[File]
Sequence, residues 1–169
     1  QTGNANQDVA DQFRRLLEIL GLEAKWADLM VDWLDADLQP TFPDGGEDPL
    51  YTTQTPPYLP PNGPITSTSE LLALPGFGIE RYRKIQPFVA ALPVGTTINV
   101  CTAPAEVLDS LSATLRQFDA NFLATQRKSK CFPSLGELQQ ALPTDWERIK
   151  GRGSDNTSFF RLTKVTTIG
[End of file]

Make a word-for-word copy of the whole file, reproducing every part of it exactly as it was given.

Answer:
Sequence, residues 1–169
     1  QTGNANQDVA DQFRRLLEIL GLEAKWADLM VDWLDADLQP TFPDGGEDPL
    51  YTTQTPPYLP PNGPITSTSE LLALPGFGIE RYRKIQPFVA ALPVGTTINV
   101  CTAPAEVLDS LSATLRQFDA NFLATQRKSK CFPSLGELQQ ALPTDWERIK
   151  GRGSDNTSFF RLTKVTTIG